Tuesday, September 8, 2009

Sun Crystals Natural Sweetener: The Best of Both Worlds

I recently strayed away from my usual stevia liquid drops. If you’ve been reading this blog for a while, you may have come across my Does Stevia Taste Good? post where I discussed my distaste for stevia powder packets. But the FDA approval on part of the stevia leaf got me wondering how the conventional sugar section at Kroger was holding up. It turns out that there’s a bunch of stevia-inspired dry sweeteners on the shelves in that section now.

Curious, I bought a box of packets made by Sun Crystals. Each 5-calorie packet contains a mixture of stevia and pure cane sugar that is the sweetness equivalent of 2 teaspoons of regular sugar. Costing $3.99, it’s a fairly competitive price for 50 packets per box. (I got mine on sale for $3.59, or something like that—I lost the receipt.) Plus, the company donates one percent of their sales to 1% For The Planet, a non-profit organization dedicated to environmental causes. That just sweetens the deal for me (sorry for the lame pun, but you know your lovable-but-corny Food Meister had to go there, right?).

How’d the Sun Crystals packets fare? The sweetener’s tasty enough that I actually bought a second box. Good-bye liquid stevia. (At least, until I get [fill in the blank] and decide to buy a bottle of the wet stuff again.)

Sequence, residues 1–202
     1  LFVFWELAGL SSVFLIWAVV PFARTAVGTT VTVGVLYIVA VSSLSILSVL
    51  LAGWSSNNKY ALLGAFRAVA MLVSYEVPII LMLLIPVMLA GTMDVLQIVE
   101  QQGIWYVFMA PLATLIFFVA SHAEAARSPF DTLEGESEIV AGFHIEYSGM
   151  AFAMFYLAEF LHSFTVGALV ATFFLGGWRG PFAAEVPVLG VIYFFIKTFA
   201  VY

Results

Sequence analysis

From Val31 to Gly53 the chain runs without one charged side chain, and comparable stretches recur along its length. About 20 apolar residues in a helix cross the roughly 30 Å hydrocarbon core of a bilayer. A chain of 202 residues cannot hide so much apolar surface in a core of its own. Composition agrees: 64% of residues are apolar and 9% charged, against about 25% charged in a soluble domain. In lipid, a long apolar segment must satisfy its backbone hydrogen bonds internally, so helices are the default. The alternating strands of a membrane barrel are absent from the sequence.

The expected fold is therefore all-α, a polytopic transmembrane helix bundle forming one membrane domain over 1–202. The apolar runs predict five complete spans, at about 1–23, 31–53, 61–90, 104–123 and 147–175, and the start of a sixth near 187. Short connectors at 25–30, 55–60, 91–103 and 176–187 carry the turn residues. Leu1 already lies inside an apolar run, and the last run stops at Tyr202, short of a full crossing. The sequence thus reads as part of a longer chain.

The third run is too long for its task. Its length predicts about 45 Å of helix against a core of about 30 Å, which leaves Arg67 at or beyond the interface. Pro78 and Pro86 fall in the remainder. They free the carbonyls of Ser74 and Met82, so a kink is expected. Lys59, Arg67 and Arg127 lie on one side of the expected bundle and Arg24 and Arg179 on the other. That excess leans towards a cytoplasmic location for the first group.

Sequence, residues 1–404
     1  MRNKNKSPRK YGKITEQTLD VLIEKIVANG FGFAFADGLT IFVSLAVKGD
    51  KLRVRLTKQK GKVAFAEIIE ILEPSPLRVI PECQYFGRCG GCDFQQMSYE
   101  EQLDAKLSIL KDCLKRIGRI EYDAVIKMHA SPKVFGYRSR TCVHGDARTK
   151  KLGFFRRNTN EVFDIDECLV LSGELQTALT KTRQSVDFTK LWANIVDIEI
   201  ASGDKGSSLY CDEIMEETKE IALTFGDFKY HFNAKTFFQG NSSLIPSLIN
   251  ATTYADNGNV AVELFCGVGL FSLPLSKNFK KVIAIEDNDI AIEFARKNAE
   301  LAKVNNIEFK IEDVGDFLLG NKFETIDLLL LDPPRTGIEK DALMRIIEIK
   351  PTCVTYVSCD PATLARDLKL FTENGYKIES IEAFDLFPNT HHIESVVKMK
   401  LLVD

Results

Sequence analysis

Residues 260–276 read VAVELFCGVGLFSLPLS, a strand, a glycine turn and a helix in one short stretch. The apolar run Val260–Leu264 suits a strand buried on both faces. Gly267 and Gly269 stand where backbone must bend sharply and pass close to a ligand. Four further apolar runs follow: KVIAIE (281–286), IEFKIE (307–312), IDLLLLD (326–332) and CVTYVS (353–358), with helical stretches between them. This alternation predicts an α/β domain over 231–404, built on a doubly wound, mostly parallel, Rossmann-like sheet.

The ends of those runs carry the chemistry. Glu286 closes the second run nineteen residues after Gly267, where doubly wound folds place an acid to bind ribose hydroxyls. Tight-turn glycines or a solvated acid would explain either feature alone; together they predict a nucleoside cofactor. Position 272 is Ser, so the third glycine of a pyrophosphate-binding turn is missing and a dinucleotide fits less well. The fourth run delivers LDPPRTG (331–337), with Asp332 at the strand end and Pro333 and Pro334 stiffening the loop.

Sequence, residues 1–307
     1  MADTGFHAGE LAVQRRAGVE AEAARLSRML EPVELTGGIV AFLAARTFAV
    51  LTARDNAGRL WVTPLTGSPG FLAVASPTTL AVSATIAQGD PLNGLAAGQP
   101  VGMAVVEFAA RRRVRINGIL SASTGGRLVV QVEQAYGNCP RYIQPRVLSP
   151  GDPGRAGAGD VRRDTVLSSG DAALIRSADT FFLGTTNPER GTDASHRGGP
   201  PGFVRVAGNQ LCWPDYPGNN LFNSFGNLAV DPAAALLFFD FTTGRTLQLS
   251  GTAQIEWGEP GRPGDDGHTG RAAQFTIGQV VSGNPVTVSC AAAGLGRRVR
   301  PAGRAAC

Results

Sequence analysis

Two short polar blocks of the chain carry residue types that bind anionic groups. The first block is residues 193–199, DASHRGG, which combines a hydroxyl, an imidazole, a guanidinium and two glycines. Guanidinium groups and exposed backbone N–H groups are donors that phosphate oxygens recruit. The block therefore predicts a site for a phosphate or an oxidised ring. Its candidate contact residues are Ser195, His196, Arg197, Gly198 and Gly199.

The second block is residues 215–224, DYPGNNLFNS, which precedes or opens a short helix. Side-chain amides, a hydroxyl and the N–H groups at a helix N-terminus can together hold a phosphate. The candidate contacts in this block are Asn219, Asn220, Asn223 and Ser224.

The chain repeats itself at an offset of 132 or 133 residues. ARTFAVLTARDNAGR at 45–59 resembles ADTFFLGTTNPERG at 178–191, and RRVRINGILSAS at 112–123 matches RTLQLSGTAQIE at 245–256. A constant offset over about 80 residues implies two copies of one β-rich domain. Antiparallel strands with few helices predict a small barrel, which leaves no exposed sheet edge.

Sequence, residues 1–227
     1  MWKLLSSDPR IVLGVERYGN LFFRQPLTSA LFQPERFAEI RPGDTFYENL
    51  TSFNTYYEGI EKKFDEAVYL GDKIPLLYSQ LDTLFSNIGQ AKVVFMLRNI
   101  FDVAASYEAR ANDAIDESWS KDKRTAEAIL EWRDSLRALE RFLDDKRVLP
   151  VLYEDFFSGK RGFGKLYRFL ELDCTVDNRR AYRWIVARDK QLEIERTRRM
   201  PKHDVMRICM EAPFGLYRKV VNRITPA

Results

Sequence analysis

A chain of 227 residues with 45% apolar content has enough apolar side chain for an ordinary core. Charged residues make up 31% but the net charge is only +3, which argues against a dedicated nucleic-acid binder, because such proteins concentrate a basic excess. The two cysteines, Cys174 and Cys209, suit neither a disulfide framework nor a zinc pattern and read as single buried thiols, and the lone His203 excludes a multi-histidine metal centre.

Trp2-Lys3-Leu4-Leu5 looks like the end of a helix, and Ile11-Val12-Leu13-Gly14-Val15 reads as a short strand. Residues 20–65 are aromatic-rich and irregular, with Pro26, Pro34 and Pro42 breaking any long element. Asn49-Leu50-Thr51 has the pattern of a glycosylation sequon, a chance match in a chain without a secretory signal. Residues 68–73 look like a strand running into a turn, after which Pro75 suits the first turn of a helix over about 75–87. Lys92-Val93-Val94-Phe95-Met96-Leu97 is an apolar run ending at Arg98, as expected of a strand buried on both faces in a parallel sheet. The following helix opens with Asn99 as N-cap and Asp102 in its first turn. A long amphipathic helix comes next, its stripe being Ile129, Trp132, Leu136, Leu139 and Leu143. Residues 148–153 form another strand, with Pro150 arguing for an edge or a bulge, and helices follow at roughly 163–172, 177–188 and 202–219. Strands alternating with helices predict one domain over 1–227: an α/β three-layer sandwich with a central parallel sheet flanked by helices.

The only downside to the stevia and cane sugar packets is that one is not enough for my tea cup. I’m a 2-packet-per-cup person, but it’s probably just my zest for sweets in general. Still, 10 calories for 2 packets is better than the 60 calories found in straight sugar. And Food Meister’s waistline is a full supporter of low-calorie stevia products!

Monday, August 24, 2009

Zevia Natural Sodas

So I tried out the rest of the flavors from Zevia—Cola, Ginger Ale, Black Cherry, Twist, and Orange. (Here's the review of Zevia Natural Root Beer, in case you missed it.) I cannot believe how rich the flavor is for these no-calorie sodas. They taste like candy!

Zevia’s Natural Ginger Ale especially impressed me. I have never been a fan of the leading conventional ginger ale sodas, both the regular and diet varieties, so I assumed that this taste test would be no different. But Zevia really comes through on the ginger ale flavor. It doesn’t have that stinging “after burn” effect of the usual brands. All I tasted was sweet, sweet ginger ale goodness. Unbelievable!

I swear, after trying out these Zevia Natural Sodas, it makes me want to open up a website dedicated to selling nothing but food products containing Stevia. It’s so cool to know there’s a naturally calorie-free soda that really delivers on flavor. Are you paying attention, conventional soda execs?